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Following the advice of the Dutch Government, Health Action International began working from home from mid-March 2020.
Since this time, the Snakebite project has adapted to the ‘new normal’ and continued to focus on ways to work toward minimising the suffering caused by snakebite envenoming by increasing community knowledge and use of effective snakebite prevention and first aid measures.
This is being done in multiple ways, through coordination and communication with partners in affected areas, to continuing to spread awareness of the impact of snakebite on a global stage. The emergence of COVID-19 has not diminished the prevalence of snakebite, and we remain committed to shining the light on this neglected tropical disease that is estimated to kill between 81,000–138,000 people each year, and leave 400,000 more with significant disabilities, such as amputated limbs and blindness.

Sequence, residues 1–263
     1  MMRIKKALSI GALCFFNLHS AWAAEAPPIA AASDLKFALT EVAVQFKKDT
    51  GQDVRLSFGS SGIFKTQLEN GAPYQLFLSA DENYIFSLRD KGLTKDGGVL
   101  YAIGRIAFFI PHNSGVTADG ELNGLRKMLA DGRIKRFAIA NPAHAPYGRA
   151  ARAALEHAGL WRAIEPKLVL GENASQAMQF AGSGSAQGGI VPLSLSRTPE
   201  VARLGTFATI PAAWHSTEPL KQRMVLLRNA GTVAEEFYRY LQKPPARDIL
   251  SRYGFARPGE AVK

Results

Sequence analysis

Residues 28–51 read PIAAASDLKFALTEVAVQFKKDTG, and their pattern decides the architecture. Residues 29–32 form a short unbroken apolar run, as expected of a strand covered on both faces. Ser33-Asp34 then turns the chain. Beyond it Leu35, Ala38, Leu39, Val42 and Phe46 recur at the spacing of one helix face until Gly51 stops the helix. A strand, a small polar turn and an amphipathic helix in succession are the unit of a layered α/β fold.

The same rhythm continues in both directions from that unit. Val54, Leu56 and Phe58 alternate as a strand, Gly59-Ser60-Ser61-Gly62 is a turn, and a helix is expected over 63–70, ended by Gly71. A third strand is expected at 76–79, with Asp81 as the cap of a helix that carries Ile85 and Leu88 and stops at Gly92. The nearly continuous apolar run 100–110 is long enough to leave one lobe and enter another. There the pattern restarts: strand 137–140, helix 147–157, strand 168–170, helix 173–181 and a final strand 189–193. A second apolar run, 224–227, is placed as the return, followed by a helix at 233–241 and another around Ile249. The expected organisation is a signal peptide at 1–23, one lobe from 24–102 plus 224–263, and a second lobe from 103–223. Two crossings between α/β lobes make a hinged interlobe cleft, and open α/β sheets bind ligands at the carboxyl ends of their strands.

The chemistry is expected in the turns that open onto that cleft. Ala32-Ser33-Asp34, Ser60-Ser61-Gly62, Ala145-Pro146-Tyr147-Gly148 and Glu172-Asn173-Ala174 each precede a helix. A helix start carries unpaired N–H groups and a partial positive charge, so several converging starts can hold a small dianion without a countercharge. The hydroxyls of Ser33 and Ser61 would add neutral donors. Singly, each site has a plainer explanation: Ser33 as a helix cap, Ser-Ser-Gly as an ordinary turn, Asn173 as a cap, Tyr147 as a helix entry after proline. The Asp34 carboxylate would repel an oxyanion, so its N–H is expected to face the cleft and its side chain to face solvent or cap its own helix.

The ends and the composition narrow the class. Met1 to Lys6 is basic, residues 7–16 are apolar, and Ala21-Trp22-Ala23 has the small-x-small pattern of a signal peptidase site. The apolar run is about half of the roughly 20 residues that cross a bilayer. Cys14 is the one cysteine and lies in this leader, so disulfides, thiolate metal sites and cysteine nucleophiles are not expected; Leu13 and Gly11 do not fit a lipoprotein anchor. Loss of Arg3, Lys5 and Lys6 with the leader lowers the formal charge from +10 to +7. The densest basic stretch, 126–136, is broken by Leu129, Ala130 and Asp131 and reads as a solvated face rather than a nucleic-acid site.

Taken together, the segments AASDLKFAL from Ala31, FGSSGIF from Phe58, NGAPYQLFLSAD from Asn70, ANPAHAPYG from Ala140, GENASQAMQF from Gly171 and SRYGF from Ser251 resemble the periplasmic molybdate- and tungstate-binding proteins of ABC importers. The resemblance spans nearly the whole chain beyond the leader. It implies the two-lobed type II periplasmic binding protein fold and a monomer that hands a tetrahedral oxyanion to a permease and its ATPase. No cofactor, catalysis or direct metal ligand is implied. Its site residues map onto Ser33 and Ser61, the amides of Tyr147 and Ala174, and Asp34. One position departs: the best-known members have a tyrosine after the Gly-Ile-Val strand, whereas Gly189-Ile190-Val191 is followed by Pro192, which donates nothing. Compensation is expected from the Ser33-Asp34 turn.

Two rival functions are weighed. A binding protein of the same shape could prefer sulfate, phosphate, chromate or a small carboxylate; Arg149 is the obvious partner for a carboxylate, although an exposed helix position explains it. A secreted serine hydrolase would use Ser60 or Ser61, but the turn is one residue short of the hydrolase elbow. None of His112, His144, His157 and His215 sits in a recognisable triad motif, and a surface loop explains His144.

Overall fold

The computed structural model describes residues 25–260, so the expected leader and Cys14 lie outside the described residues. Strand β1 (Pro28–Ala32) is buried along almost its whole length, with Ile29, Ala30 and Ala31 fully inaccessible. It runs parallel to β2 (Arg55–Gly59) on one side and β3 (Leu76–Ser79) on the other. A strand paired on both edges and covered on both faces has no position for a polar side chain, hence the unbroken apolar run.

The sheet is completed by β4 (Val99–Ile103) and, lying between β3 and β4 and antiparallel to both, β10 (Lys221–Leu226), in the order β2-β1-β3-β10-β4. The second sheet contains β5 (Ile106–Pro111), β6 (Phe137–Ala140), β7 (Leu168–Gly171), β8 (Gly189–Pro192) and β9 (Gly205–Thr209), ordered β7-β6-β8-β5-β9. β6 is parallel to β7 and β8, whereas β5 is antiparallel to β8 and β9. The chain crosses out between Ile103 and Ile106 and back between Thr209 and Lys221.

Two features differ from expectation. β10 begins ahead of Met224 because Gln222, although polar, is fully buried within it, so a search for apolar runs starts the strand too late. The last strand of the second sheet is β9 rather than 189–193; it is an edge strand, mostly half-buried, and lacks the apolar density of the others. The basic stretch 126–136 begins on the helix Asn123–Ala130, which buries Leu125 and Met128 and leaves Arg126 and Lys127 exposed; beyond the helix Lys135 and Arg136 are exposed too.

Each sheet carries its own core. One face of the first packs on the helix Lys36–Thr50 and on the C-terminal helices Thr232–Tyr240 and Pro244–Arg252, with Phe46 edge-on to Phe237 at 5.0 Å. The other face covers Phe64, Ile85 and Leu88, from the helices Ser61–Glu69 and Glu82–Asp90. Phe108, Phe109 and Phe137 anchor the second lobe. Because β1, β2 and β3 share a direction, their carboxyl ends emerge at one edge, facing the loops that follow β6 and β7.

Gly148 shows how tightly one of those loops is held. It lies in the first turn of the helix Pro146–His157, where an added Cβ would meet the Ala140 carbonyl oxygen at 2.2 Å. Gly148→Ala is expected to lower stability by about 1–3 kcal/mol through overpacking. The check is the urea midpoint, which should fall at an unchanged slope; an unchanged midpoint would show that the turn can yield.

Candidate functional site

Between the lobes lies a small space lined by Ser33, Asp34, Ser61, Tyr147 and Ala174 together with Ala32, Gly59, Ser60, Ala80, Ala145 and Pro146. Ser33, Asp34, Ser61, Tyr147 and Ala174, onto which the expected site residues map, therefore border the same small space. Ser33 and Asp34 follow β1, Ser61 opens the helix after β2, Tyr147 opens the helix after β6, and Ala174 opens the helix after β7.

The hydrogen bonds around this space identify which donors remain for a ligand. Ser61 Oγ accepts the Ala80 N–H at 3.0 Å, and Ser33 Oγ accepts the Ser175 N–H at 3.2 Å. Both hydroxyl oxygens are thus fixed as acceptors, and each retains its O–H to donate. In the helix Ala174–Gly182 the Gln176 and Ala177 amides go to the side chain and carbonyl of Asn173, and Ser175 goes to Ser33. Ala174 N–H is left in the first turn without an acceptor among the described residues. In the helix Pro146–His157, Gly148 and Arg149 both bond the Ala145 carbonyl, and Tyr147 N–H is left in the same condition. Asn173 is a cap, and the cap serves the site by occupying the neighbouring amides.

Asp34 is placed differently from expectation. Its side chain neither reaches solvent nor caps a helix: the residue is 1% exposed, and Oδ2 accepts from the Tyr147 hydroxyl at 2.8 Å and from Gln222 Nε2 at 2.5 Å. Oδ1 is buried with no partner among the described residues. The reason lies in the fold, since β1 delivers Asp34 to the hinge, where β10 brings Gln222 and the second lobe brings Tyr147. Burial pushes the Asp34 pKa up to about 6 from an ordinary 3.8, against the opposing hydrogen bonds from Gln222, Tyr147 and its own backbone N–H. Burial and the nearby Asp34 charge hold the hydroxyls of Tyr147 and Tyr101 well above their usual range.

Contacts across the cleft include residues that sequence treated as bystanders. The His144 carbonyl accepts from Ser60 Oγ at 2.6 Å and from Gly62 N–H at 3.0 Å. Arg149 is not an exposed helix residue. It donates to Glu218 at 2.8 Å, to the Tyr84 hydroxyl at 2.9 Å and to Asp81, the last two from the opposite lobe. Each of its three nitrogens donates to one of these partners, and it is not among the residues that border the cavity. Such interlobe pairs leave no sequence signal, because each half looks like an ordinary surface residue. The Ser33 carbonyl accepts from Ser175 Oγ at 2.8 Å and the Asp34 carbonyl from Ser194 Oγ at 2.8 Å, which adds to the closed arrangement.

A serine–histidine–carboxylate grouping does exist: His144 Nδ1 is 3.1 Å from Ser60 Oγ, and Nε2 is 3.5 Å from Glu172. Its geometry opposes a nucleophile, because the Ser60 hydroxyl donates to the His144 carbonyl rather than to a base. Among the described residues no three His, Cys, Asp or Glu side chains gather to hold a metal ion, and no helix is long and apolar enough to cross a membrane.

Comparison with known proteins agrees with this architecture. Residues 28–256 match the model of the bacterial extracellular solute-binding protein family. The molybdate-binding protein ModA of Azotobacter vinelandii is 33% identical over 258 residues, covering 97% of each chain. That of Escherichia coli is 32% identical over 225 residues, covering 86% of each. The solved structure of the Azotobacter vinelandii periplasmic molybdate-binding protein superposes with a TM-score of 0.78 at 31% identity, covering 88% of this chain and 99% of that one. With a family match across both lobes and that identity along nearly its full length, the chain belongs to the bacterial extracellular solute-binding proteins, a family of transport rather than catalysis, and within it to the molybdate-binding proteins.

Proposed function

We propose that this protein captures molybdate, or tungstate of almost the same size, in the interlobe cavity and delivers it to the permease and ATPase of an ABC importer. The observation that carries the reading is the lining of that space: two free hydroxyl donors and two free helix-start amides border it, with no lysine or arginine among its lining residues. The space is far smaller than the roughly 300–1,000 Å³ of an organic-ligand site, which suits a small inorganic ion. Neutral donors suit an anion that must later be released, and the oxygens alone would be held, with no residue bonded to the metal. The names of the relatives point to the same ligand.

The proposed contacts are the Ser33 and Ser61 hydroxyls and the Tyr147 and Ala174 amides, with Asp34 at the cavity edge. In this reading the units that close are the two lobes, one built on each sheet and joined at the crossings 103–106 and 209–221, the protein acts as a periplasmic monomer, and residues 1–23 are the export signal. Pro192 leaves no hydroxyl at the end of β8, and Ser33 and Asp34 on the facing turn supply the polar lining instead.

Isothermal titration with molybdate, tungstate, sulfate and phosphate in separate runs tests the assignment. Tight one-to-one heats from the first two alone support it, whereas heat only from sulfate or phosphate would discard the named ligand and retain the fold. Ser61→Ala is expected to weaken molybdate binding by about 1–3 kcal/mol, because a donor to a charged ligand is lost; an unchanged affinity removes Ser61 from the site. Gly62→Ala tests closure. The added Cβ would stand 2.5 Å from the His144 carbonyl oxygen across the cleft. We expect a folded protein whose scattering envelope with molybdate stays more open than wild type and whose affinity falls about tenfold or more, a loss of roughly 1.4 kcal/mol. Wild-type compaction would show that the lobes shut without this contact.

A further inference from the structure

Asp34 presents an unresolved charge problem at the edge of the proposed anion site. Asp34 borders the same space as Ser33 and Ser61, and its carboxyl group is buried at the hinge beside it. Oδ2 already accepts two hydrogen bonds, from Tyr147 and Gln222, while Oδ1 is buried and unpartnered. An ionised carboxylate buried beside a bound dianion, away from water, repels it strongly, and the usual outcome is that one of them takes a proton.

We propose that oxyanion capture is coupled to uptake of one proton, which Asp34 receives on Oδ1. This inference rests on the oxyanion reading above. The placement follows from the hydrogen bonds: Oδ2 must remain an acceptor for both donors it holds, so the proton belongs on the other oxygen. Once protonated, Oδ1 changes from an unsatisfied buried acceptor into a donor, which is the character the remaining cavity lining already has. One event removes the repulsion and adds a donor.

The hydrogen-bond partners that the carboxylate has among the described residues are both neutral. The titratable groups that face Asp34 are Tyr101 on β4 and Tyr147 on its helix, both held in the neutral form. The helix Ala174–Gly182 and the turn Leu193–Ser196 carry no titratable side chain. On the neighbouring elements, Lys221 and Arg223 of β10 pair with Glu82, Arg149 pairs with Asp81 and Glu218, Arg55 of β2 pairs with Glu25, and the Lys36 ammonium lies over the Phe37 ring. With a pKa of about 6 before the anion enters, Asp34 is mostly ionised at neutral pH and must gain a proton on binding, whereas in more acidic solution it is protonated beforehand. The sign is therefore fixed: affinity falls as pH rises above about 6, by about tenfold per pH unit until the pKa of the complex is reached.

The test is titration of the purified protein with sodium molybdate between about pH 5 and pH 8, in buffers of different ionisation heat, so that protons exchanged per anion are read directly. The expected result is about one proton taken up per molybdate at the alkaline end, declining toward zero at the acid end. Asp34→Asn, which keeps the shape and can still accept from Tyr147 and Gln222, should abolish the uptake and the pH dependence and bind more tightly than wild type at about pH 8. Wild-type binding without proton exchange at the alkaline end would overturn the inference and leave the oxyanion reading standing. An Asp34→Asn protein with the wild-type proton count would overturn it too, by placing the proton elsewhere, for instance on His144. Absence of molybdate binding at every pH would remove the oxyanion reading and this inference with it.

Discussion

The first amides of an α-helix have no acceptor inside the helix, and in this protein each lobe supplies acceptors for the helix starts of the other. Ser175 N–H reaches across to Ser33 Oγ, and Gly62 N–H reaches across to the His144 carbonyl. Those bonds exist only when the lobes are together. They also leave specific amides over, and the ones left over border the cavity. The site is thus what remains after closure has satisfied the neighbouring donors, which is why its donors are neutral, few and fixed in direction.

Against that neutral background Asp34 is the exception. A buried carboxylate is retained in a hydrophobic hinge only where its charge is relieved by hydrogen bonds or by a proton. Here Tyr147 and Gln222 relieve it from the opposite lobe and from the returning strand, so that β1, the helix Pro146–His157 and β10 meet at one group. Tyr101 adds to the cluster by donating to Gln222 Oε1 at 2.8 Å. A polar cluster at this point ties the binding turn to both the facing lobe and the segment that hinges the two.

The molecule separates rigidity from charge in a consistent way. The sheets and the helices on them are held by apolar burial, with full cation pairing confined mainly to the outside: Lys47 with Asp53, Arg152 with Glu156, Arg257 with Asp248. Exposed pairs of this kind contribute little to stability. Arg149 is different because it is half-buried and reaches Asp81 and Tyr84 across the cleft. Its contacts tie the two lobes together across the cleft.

Community measures to prevent snakebite during COVID-19
COVID-19 will stretch health systems in snakebite endemic regions to their limits. Prevention of this neglected tropical disease that kills and seriously injures countless numbers every year is more important now than ever. Learn about community measures to prevent snakebite.
How COVID-19 has shifted the Snakebite project
With a spotlight on Africa, Snakebite Project Manager, Ben Waldmann, discussed snakebite in the current and future COVID-19 context.
Every project within Health Action International has had to adapt over the last few months. Learn about the ways in which each of our projects, and the organisation as a whole, have shifted and responded to the ongoing pandemic that continues to impact access to medicines for everyone, everywhere.